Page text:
How many times did you come to the Unites States under the Bracero Program?
I came to the U.S. in 1959, 1960, 1962, 1963 and 1964 for a total of 5 times. In 1964 the Bracero Program ended.
What fields did you work on the 5 times you came to the U.S.?
In 1959 I worked in Arizona, picking cotton. In 1960 I worked in California, picking lemons. In 1962 I worked in California, picking grapes. In 1963 I worked in California, picking tomatoes. In 1964 I worked in California, picking oranges, lemons and chilies.
What did you do when the Bracero Program ended?
After the Bracero Program ended I got a permission to come to the Unites States as a visitor, to visit my family members. I got a job, but was caught and I was deported back to Mexico. Then I went back to the U.S. and got a job, and worked illegally until 1976, when I was granted permission to be a permanent resident, and in 1996 I became a U.S. citizen.
Bad New Letter
September 18, 1963
It is with a very heavy heart that I write this letter to you. I’m sure you heard about the horrible accident that happened yesterday, here in Chualar, California. Just in case you did not hear about it I will tell you. Yesterday, a train crashed with a car that was transporting 58 Braceros. This horrible accident left 32 Braceros dead and 24 seriously injured. I’m so sorry to be the one to tell you this, but your husband, Juan was one of the Braceros who were killed in the accident. All he wanted to give you and your six kids was a great future, but he unfortunately died in his effort. He loved you and the kids a lot. He talked about you guys all the time. He was counting the days before he got a chance of seeing you and the children again. You have my deepest sympathy
, as you know Juan and I were really good friends, but I have peace that he is now with God, and he will be watching over you and the kids from heaven. Once again, I’m so sorry for your loss.
Certificate of Completion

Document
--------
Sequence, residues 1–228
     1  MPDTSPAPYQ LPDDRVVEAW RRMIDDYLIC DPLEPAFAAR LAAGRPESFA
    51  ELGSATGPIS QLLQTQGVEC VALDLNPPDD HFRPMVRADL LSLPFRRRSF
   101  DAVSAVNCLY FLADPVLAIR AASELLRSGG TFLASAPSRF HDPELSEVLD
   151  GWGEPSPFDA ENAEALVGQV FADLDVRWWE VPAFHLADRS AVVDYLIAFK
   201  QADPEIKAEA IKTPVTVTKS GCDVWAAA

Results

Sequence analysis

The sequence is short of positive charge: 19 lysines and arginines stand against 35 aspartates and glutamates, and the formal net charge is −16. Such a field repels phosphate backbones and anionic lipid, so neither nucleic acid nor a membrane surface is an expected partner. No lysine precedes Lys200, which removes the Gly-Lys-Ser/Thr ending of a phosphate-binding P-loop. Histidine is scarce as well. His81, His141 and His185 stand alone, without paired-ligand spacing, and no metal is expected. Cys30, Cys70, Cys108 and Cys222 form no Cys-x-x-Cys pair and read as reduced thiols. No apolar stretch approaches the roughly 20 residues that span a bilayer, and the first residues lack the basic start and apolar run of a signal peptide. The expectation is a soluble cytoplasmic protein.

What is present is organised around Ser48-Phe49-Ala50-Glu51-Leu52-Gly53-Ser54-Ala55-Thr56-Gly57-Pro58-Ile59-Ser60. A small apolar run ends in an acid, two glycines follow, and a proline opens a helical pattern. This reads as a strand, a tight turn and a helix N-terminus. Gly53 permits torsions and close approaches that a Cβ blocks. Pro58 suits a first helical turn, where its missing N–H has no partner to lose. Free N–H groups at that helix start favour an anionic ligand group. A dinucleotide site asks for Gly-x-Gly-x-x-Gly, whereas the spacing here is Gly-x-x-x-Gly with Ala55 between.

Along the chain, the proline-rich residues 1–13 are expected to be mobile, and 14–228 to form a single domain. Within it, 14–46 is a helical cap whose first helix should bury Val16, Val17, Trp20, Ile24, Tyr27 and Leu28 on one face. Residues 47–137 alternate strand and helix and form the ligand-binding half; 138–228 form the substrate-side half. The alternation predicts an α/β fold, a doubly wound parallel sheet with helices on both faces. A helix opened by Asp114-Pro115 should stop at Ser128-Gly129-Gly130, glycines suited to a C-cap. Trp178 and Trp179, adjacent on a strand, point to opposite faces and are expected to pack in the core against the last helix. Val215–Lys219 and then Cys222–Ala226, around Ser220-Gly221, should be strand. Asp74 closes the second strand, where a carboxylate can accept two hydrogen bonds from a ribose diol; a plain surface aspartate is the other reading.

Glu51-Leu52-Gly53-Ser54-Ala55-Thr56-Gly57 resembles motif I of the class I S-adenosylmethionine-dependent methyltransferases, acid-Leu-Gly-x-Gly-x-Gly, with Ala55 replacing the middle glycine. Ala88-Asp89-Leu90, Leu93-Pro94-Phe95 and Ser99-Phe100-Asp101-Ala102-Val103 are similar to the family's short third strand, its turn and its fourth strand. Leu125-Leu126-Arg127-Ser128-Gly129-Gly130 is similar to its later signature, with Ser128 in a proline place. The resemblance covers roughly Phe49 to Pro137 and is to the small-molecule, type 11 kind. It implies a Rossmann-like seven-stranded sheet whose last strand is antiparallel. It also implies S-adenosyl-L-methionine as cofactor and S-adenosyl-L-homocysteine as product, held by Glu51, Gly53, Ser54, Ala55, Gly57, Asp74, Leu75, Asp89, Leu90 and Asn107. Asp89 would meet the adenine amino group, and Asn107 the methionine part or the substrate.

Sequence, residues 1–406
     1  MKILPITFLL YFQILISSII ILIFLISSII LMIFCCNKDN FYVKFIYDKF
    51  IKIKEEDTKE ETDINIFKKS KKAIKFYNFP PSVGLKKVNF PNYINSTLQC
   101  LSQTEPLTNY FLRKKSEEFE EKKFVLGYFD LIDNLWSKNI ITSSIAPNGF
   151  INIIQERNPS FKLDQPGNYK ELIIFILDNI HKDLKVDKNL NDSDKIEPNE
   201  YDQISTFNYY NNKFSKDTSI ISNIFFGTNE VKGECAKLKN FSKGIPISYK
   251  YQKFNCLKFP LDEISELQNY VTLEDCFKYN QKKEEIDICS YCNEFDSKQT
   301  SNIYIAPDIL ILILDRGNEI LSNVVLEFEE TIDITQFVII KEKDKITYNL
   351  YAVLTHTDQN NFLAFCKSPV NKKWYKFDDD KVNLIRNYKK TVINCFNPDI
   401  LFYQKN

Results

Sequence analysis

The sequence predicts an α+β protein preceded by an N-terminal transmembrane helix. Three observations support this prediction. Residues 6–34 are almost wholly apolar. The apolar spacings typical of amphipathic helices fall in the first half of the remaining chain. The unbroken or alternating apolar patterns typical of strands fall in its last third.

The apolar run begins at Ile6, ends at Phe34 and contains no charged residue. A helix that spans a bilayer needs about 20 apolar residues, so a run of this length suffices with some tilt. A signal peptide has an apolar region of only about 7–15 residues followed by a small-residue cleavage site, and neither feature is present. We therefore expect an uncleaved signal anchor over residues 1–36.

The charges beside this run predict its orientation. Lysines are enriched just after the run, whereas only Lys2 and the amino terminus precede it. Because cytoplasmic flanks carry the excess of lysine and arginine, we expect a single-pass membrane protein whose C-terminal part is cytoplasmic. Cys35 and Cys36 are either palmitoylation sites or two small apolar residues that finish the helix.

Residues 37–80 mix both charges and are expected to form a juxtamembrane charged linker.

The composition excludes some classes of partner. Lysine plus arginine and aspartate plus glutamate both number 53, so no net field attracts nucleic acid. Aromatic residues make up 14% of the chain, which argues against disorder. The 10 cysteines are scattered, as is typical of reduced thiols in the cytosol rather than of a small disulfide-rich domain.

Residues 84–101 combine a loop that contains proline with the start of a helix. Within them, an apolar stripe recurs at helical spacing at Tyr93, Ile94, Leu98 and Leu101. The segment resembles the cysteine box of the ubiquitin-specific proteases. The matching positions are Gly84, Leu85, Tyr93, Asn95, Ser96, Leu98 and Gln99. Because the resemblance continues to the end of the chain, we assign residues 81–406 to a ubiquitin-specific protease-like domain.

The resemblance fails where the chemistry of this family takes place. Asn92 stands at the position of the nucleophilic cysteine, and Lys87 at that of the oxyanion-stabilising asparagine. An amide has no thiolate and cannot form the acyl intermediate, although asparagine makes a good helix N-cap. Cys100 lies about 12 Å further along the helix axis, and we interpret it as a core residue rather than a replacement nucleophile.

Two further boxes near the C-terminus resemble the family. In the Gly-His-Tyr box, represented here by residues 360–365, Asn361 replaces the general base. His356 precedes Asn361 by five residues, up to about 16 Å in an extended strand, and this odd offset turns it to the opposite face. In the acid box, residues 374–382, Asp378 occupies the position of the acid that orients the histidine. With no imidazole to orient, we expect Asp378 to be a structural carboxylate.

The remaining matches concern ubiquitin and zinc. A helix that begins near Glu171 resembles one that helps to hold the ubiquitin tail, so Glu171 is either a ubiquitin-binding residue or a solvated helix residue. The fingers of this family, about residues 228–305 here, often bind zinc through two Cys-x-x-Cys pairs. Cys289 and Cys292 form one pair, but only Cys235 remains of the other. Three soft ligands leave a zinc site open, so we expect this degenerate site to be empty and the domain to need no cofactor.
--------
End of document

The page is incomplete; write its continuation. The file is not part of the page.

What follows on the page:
VENTURA COUNTY CITRUS GROWERS COMMITTEE
P.O. Box 191 Santa Paula Calif.
This Certifies that Mexican agricultural worker
Contract No. ML 397488 completed
his contract on JAN 2, 1965 with the
By Victor Behar________
The Bracero Program was created by the American and Mexican governments, to provide farm workers during the shortage as a result of WWII. The Braceros left their families behind in the hopes of making good money in the United States and a better future for their families. Although they were provided with food and shelter, some Braceros were treated inhumanely by their bosses. Some lived in Aluminum housing that would reach really high temperatures during the summer. They were forced to work in the field for up to 12 hours a day with a minimum wage of thirty cents per hour. These Braceros came to the United States with the hope of making money and sending it back home, but they would receive so little that there was not any left to send back home. Some had better experience than others, like my father who said for him, things were not as so bad. The Bracero Program was supposed to last for the duration of WWII, but it did not officially end until 1964.
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Ortega, Jose. "My Father's Experience." Personal interview. 10 Dec. 2010.
Radelat, Ana. "Trouble Down on The Farm." Academic Search Premier. EBSCO. Web. 10 Dec. 2010.
Schwartz, Heather. "Historical Memory and the Importance of the." Academic Search Premier. EBSCO. Web. 10 Dec. 2010.